The Showiness of The Long Distance Runner

Okay, so we’re going to rant a little today. Just at tiny bit. We have to, because the topic we wish to address is such that the only way you can approach it is to rant anonymously on the internet. There’s no laws on the books about it- no signs posted, no accepted protocol. So we’re just going to come out with it here.

Yesterday was National Runnning Day and with the weather turning warm people all over are starting to think semi-seriously about getting in shape for the first time since their New Year’s resolutions. The sunshine is drawing people out to pool parties, the beaches, and to all sorts of Summertime activities where a decent tan and a trim waistline are de rigueur. It’s for this reason that the number of joggers out on the streets multiplies exponentially this time of year.

As Tom Cortenay will tell you, running is best done alone- not in the middle of a crowded city.

We’re not here to rant about running. Running is great. We endorse it. More people should do it. Hell, we should probably give it a shot one of these days. We’re not getting any younger, after all. Ninety nine per cent of all joggers are perfectly wonderful people enjoying a wholesome and healthy hobby. The other one percent are assholes.

There are tons of great places to go jogging in Baltimore City. Whether it’s up the Jones Falls Trail, at one of our lakes, on a track at a high school or college, around one of the several large city parks, or just along a pleasant avenue like Keswick or Guilford or just about any street in Bolton Hill. Wherever you live, you can find a great spot in your neighborhood, or jog a different spot in the city every day of the week. Yet somehow, this still needs to be said:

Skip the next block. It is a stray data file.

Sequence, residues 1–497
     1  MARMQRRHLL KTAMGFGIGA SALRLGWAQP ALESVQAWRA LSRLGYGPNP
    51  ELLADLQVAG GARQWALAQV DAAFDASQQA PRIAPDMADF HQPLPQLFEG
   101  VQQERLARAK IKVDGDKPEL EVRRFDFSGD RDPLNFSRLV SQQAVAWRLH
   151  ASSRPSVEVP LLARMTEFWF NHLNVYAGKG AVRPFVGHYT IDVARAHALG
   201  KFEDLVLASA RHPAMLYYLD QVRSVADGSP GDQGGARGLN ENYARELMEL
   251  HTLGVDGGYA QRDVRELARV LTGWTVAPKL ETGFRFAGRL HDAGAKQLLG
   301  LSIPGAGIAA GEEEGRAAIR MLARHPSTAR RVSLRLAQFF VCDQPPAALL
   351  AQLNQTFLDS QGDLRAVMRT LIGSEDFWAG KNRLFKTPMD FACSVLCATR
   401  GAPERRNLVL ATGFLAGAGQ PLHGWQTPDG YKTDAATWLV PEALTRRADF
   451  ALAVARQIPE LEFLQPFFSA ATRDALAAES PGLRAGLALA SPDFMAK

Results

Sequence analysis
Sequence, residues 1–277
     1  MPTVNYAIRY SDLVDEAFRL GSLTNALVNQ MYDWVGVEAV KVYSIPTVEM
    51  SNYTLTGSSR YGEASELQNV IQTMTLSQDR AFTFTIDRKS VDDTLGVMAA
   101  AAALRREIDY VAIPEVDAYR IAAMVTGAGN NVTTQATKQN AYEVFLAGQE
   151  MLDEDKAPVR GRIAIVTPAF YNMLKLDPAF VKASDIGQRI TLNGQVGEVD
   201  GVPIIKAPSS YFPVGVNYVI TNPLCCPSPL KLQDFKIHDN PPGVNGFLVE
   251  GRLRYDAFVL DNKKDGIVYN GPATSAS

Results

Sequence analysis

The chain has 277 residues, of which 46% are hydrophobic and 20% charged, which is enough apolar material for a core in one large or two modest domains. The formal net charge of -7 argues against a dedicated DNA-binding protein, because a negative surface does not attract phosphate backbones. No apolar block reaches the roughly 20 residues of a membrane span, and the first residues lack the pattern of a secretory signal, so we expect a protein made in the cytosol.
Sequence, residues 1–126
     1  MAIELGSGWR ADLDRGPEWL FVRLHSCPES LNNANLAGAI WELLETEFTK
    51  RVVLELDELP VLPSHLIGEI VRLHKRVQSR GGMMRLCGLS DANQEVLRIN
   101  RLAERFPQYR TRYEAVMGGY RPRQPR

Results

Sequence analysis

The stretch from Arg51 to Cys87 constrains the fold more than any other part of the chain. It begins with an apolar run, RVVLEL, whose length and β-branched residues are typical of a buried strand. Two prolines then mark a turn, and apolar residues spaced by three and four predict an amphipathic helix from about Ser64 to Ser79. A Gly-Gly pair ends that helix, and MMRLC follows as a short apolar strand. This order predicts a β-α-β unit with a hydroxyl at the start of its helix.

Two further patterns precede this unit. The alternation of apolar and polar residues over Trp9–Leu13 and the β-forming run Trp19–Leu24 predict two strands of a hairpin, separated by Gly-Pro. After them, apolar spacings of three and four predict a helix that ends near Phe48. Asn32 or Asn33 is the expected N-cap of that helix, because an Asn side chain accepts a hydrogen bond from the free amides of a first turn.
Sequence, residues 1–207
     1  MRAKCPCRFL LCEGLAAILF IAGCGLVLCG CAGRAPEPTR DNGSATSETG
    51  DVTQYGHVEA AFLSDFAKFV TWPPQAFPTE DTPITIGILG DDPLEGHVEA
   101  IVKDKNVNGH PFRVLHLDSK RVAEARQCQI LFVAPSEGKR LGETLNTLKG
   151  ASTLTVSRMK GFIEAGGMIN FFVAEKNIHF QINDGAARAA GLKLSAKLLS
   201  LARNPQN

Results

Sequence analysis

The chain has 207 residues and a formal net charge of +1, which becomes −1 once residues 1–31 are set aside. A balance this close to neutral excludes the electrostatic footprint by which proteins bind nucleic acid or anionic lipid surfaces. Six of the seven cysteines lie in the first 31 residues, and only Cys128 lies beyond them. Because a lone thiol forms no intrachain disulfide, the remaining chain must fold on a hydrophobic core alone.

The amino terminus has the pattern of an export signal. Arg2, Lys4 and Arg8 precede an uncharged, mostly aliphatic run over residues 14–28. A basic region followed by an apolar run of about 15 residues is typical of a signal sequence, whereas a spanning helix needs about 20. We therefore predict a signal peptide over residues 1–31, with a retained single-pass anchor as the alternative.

Stop jogging on crowded commercial sidewalks.

This is a city of neighborhoods; of little main streets and town squares. It’s in these places where shops and restaurants open their doors, where people are coming in and out, strolling up and down, walking their dogs, stopping to chat, enjoying outdoor cafes, people watching, soaking up the atmosphere and all of the other things that make city life city life. These blocks are crowded. The last thing anyone needs is some sweaty jogger, oblivious in ipod headphones, weaving through the sidewalk, bumping into people and causing chaos. It’s annoying, and it ought to stop.

Honestly, it’s baffling to us. Why would anyone make a habit of running through crowded commercial strips where the sidewalk density can reach 50-100 people per block, when just one block over there’s a broad residential street with few if any people, less vehicular traffic, and fewer urban obstacles like newspaper boxes and bicycle racks? Why would you jog along Cross Street when you could run Riverside Avenue? Why do you need to run past the commercial blocks in Charles Village when you could just circle the JHU campus?

There’s only one explanation that occurs to us; that the few people who do make a habit of jogging in commercial districts aren’t really very serious runners anyway. They’re showoffs. ***OOOoohh. Look at me jogging! Do you see my natural tan? Do you see the carefully selected vintage tee shirt that I cut the sleeves off of? Did you notice that my ipod’s special running mix has Bon Iver AND Lil Wayne??? I”m sooo gonna post my time and mileage on Facebook as soon as I get home!*** Again and again, these are they type of people we notice running through commercial districts- not the kind who care about running, but the kind who care about advertising the fact that they run. Fuck them.